Architecture / Interior /

La Sagrada Familia

#FabDesignFriday
By Barbara Hahijary

Barcelona is one of the most populous cities in Spain, second only to the capital Madrid. It’s a popular tourist destination for its football and party scenes, but it’s the city’s architecture wins the hearts of both locals and tourists. The city is brimming with eccentric architecture inspired by natural forms. One of these architectural wonders is La Sagrada Familia.

The construction of the church, now a UNESCO World Heritage Site started in 1882 (and it’s still on going)! During the 16th-18th century, the Catalonia region showed significant infrastructure development to improve its defence during the wars. Since Catalonia was a part of the Roman Empire, the people were devout Roman Catholics. Their faith manifested into the majestic Sagrada Familia (literally meaning Holy Family).

Antoni Gaudí was actually not the initial architect. He took over from Francisco de Paula del Villar y Lozano after the promoters had disagreements with him. This was about a  year into the project. Gaudi, who was a Roman Catholic Spaniard, re-interpreted his knowledge of Byzantine churches into an Art Nouveau style design. Inside, La Sagrada Familia is lined with a series of angled columns and hyperboloidal ceiling vaults. The compound is a mesh of complex shapes like helicoids and conoids to facilitate a fine structure and maximize the quality of light and audio. Like other churches built in the same period, the interior is adorned by shades of the stained glasses.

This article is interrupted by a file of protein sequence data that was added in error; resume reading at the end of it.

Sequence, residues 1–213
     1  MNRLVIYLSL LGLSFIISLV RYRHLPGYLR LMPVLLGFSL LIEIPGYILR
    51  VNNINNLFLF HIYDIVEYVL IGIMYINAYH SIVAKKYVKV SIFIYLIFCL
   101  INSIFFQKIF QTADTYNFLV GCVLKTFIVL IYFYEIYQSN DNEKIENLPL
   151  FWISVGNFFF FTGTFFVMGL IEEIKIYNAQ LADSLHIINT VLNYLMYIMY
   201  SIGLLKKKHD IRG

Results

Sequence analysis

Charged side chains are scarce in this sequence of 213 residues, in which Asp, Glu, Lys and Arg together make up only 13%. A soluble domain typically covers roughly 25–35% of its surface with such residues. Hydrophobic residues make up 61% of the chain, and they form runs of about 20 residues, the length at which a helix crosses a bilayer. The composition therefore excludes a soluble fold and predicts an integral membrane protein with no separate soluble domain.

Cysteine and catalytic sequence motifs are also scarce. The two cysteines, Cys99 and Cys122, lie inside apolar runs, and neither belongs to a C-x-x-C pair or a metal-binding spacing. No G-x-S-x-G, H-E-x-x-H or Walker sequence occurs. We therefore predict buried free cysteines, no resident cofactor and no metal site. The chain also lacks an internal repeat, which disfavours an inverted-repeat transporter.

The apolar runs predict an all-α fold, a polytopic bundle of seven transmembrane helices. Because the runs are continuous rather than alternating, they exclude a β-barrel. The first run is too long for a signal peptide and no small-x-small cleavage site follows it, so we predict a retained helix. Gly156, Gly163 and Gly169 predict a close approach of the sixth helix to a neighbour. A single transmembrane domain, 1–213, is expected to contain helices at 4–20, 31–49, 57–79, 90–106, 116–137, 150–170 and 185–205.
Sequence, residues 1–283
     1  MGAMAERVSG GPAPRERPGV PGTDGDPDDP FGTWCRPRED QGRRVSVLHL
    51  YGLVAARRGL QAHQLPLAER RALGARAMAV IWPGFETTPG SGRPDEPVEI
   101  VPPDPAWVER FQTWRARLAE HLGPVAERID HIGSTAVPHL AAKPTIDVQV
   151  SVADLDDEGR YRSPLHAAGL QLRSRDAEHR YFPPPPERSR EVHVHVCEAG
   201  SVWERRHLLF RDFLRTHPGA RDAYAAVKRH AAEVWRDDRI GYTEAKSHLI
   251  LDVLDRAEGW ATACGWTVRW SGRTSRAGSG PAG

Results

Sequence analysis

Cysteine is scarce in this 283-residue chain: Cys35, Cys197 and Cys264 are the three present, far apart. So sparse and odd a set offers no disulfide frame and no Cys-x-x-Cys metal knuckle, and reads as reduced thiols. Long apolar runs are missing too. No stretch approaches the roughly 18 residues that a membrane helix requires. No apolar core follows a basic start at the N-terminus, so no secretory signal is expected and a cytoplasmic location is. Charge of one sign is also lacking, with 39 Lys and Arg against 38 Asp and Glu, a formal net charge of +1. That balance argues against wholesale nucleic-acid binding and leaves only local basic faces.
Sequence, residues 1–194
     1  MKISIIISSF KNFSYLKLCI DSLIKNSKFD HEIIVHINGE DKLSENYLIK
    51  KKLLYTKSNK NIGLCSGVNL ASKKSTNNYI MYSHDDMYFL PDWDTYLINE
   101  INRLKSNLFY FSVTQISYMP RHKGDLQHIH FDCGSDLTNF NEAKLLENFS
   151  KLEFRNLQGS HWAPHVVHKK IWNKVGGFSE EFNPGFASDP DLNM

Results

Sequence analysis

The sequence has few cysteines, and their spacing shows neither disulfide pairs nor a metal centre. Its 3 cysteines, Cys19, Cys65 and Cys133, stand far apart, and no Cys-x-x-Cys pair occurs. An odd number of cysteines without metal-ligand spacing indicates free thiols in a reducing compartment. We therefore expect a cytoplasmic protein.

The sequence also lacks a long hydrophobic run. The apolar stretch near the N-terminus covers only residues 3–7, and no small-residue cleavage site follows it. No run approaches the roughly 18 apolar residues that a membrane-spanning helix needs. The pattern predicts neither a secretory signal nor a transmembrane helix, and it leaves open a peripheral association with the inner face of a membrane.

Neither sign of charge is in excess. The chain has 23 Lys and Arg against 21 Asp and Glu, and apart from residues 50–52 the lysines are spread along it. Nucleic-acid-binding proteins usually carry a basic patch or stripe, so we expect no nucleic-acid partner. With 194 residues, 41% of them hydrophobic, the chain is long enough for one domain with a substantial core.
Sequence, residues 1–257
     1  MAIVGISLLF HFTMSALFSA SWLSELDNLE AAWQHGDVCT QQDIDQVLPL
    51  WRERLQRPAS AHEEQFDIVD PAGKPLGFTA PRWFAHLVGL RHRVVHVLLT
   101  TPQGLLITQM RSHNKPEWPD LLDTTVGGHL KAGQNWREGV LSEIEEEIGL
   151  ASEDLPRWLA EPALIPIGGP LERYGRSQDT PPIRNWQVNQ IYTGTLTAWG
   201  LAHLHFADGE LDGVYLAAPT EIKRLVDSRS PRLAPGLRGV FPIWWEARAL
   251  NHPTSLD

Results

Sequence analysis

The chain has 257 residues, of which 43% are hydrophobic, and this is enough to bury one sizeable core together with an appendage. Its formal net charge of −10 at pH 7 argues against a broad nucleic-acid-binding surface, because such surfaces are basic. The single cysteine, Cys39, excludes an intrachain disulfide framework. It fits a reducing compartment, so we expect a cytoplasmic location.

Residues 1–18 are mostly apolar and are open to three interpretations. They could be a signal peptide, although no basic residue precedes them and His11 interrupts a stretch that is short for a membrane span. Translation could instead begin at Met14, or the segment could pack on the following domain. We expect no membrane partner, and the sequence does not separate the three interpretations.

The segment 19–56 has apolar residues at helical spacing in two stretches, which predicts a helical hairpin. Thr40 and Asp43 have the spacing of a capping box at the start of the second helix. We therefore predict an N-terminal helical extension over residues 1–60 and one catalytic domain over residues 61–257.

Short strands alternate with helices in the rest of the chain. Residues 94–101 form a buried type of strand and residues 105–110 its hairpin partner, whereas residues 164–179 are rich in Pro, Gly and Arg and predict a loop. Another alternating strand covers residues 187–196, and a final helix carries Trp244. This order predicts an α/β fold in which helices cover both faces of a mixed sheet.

The total area is 5,400 sqm with a capacity of 9,000 people. It currently has eight sharp towers. Once completed, there will be 18 altogether. The tallest one will measure over 170 metres, making La Sagrada Familia Europe’s tallest house of worship. Compared to other Gothic landmarks, the church is much more decorative and has a greater number of towers.

Though slow in progress, Sagrada Familia is in its final stages. The estimated time of completion is 2026, 100 years after Gaudi’s death.

Photo by Sagrada Familia Doc.
 
Share on FacebookTweet about this on TwitterPin on PinterestEmail to someone
Leave a comment

RECOMMENDED STORIES

Admiring Design Elements in Budapest

The Hungarian capital is rich with artisan works and unique designs from architectural, interior, to...

5 Unique Luxurious Hotels from United States of America, Europe, to Oceania

The long journey to find well-designed hotels during wintertime has somehow become an annual ritual ...

Dublin Design Trail

As one of the capital cities in the Northern part of the world and isolated from other European citi...

Dzień Dobry from Poland!

Indonesia Design travels to Poland to learn about the country’s history, culture and architecture,...